LONDON, U.K. — The value of the construction industry in China, measured at constant 2017 U.S. dollar exchange rates, is expected to rise from US$3.3 trillion in 2018 to US$4.1 trillion in 2023, driven by the government’s efforts to boost spending on infrastructure, says GlobalData.
A leading data and analytics company, GlobalData’s report, Construction in China — Key Trends and Opportunities to 2023, reveals that the country’s construction industry is expected to expand at a relatively slower compound annual growth rate (CAGR) of 4.54 per cent over the forecast period (2019 to 2023), as the government steadily shifts away from a policy of driving economic growth by investing huge sums in infrastructure developments, indicates a release.
Residential construction was the largest market in the Chinese construction industry, accounting for 48.4 per cent of its total value in 2018 and by 2023, the market is expected to account for 43.3 per cent.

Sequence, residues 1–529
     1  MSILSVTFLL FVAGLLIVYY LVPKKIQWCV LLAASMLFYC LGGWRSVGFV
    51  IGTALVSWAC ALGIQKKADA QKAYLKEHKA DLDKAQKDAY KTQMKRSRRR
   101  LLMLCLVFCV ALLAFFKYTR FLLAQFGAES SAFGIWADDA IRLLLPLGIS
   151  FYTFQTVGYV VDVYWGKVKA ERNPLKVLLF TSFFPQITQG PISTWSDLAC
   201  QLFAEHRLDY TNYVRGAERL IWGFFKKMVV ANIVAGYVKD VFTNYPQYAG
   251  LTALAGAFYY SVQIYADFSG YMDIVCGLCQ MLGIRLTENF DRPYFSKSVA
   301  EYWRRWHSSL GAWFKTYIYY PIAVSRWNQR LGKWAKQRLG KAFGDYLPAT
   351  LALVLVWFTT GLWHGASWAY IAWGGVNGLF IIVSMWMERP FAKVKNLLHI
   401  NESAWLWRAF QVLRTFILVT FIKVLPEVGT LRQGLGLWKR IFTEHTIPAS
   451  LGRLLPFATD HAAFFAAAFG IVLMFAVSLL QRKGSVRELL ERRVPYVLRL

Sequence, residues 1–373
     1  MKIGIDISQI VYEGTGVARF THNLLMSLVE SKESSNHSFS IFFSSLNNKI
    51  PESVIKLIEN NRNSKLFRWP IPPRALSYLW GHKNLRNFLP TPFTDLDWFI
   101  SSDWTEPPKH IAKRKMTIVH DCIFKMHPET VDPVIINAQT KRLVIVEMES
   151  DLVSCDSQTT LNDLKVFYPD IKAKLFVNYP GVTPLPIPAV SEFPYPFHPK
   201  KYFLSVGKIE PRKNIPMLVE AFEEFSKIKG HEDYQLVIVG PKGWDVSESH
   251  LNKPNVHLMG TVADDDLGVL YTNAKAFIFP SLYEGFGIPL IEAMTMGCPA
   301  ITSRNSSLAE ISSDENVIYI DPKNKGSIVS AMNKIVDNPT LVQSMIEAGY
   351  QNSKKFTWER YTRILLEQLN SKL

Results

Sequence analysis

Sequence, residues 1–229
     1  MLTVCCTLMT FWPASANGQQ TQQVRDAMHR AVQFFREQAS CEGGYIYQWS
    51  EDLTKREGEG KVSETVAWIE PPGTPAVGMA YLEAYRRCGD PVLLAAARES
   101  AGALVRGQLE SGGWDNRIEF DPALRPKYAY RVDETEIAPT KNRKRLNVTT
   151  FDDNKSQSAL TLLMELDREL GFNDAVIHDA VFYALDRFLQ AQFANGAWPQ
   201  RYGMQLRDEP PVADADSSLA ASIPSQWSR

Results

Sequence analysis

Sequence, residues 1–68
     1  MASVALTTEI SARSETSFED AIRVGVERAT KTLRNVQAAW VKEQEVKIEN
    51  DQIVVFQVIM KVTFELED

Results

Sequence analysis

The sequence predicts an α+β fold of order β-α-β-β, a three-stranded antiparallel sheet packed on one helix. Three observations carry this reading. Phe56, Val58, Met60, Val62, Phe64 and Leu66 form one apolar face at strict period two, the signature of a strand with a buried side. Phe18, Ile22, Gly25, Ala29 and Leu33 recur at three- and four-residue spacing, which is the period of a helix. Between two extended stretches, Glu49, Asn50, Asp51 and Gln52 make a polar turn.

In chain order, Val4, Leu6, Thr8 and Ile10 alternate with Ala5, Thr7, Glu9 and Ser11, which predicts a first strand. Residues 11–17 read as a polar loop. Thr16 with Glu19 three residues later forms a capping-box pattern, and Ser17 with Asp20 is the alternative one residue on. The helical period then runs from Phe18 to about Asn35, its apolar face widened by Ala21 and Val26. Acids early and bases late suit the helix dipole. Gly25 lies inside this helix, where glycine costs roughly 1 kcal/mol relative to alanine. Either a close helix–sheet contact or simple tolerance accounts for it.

Over the forecast period, market output is expected to be supported by ongoing urbanization and the government’s efforts to renovate aging urban residential buildings.
According to the release, the total construction project pipeline in China — as tracked by GlobalData, including all mega projects with a value above US$25 million — stands at US$3.2 trillion. The pipeline, which includes all projects from pre-planning to execution, is skewed towards late-stage projects, with 77.4 per cent of the pipeline value being in projects in the pre-execution and execution stages as of November 2019.
“The escalating trade tension between the U.S. and China is affecting China’s exports, thereby hurting its economy and manufacturing industries,” said Dhananjay Sharma, construction analyst at GlobalData, in a statement.
“Nevertheless, in view of the recent slowdown in construction, the authorities can still revert to infrastructure investment to prop up the industry and support the economy when necessary. As such, expansion will be driven by the government’s efforts to boost its spending on infrastructure to counter economic slowdown caused by the ongoing trade tensions with the U.S.”